Iraqi Christians who are considering leaving the country should stay
put and play a role in rebuilding their war-shattered homeland, a senior
prelate said in Paris.
"For me, staying and resisting as a
Christian minority is the right way," Chaldean Archbishop Yousif Mirkis
of Kirkuk told reporters during a visit to France to raise awareness and
funds for an interfaith educational project he oversees.
the Iraqi conflict is far from over -- a battle is now raging in the
strategic city of Mosul, although government forces have gained ground
against Islamic State militants -- Mirkis focused many of his remarks on
how to heal his deeply divided country.
He called for nothing
short of a Marshall Plan for Iraq, referring to the American initiative
to aid Western Europe after the devastation of World War II.
The Chaldean Church is based in Baghdad and represents Catholics from Iraq and neighboring countries.
also expressed a wish that an "Iraqi Mandela" could bring peace to a
divided Iraq, referring to the South African leader who brought an end
to apartheid. The archbishop said he worried about the future of
youngsters growing up under Islamic State rule.
"What do we do with the millions who have been educated under it?" he asked.
visit comes as many European countries, including France, have
toughened their immigration policies and are building walls against the
flood of asylum seekers fleeing impoverished and conflict-torn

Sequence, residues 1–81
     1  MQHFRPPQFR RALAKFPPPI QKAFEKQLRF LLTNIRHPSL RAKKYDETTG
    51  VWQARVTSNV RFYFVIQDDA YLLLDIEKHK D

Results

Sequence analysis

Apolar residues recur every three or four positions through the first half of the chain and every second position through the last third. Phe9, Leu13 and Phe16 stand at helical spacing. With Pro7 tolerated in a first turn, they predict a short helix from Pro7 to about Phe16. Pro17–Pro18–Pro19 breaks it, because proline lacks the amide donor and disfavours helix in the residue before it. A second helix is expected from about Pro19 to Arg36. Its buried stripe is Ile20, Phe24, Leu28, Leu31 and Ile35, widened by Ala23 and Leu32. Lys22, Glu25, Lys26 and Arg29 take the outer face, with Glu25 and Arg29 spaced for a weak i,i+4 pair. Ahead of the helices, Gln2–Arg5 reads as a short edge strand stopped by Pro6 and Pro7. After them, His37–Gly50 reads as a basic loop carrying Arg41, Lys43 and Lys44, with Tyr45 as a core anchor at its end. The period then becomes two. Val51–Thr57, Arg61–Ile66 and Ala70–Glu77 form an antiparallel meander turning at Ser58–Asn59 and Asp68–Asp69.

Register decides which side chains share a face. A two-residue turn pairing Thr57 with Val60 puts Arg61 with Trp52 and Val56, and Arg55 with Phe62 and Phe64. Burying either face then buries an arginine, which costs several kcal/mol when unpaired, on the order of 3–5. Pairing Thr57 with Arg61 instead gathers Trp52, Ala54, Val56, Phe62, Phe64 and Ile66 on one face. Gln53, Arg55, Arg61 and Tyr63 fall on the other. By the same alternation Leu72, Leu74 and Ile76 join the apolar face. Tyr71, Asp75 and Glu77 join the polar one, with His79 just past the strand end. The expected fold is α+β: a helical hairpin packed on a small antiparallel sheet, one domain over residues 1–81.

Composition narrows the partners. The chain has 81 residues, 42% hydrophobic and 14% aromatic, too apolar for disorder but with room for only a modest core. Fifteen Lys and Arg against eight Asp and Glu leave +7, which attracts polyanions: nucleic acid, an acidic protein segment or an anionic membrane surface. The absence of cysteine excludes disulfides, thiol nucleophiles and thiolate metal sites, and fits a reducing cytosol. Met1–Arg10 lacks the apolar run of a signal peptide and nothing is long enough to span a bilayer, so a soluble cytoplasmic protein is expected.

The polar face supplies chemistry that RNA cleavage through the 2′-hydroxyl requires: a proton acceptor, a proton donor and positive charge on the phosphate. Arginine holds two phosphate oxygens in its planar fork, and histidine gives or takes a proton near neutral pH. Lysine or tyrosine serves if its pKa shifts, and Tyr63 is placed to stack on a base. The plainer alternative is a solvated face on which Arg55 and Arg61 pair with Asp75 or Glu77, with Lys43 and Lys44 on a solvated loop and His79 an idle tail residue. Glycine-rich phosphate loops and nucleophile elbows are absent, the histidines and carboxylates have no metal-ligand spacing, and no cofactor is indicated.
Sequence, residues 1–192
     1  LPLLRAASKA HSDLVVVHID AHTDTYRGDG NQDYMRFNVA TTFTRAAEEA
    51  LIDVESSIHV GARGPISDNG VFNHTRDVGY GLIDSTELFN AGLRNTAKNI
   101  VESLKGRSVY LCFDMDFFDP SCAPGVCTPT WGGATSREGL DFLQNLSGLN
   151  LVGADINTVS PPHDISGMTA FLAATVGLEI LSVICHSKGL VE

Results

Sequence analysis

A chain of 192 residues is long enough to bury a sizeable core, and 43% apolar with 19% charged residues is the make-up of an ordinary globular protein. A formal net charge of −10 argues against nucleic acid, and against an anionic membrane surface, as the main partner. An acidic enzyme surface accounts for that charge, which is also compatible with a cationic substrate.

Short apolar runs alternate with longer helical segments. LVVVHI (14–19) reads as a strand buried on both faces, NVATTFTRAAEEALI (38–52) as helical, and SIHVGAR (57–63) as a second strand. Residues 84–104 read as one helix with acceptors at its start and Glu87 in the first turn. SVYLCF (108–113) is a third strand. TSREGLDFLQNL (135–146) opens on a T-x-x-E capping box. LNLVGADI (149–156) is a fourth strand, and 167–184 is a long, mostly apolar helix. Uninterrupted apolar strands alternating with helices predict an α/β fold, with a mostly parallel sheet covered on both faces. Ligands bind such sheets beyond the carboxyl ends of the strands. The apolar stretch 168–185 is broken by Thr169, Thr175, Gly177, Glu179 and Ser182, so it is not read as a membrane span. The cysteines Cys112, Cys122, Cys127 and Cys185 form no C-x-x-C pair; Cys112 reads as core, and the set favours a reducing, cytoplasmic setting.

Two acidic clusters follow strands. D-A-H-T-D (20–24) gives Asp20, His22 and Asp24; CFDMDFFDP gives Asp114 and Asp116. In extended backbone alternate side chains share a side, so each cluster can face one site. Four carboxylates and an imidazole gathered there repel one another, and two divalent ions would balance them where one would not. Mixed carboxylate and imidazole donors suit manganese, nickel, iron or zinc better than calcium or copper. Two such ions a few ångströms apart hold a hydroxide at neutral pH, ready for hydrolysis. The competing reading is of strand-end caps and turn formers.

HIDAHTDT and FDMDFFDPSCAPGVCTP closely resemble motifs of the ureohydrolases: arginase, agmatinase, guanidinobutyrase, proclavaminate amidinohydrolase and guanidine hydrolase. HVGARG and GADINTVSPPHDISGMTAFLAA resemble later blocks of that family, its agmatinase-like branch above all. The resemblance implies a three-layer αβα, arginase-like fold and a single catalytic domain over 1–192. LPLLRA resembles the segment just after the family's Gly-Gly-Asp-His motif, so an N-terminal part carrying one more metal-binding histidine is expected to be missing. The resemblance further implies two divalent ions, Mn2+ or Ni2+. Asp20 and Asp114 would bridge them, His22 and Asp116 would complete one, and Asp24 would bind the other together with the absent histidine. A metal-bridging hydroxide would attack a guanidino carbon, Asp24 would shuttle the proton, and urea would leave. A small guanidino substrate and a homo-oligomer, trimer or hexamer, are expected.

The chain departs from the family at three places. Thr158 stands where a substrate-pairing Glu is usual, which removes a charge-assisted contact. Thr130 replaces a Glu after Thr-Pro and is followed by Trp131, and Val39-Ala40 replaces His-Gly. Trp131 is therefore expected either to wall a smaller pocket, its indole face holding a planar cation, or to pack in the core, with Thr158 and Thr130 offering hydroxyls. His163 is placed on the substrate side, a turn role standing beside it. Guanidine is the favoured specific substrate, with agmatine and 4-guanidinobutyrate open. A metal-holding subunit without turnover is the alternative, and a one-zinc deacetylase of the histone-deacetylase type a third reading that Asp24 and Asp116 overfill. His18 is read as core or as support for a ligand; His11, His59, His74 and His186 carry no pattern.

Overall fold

Refugees are often disappointed, Mirkis said, finding
their families scattered among different countries and disenchanted by
their new lives.
"The effort and money spent to integrate these
immigrants -- if we spent it at home, it would have been a thousand
times better," Mirkis told reporters in Paris, calling for private
investments rather than those that would shore up a "monstrously
corrupt" state economy.
Iraq's Christian population has plummeted
from about 1.5 million in 2003 to less than 300,000 last year, according
to the Alliance Defending Freedom, a Vienna-based advocacy group. Some
fear they may disappear altogether.
But Mirkis is not among them.
Kirkuk, he oversees a project helping several hundred university
students --Christians, Yazidis and Muslims -- study and live together,
as a sort of test-tube case for interfaith reconciliation.
described another: the widow of a Japanese reporter who was kidnapped
and killed in Fallujah who funded the building of a hospital in the
"Instead of seeking revenge, she built a hospital and
offered it to those who killed her husband," he said. "There's a lesson
that should be repeated."